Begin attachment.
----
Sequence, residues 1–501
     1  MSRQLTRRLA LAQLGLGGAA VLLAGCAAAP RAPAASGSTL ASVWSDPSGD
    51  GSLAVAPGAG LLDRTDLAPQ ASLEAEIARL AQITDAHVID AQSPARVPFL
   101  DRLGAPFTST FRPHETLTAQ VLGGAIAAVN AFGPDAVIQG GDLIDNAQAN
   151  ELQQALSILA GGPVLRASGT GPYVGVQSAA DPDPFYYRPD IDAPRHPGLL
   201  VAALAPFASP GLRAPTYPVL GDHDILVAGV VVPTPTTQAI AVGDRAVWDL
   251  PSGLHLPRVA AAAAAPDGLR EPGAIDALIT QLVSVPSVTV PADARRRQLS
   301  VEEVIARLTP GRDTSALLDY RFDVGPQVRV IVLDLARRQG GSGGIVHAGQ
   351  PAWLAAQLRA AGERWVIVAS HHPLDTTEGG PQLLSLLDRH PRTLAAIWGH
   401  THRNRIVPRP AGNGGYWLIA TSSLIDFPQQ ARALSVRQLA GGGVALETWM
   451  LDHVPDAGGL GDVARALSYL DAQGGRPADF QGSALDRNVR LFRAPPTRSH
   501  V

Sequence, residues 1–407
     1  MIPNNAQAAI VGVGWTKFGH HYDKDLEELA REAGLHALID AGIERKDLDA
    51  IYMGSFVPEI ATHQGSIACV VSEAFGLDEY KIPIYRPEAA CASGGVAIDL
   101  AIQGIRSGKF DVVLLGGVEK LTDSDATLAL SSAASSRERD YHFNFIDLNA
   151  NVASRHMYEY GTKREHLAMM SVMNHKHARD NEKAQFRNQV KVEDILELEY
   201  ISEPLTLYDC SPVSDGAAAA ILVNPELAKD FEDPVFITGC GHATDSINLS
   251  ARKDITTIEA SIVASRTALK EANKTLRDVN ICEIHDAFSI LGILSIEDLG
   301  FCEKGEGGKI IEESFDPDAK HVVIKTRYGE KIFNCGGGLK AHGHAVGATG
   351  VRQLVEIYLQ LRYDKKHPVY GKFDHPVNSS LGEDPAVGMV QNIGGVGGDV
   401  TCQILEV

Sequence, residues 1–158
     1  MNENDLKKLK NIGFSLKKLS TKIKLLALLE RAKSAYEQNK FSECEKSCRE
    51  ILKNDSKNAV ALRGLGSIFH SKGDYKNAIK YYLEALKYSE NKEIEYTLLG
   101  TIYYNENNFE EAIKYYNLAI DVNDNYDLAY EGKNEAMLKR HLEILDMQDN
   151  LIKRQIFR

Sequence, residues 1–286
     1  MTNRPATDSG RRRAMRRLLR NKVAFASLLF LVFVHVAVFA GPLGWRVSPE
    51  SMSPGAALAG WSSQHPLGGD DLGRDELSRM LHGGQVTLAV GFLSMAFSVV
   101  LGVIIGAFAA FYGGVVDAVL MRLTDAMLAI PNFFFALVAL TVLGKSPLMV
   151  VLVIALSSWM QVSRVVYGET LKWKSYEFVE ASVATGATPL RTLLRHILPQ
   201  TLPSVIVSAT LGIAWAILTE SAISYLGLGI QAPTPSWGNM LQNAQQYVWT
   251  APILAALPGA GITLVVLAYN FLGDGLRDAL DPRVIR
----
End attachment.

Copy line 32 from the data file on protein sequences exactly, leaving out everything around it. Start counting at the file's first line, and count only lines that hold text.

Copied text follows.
   151  VLVIALSSWM QVSRVVYGET LKWKSYEFVE ASVATGATPL RTLLRHILPQ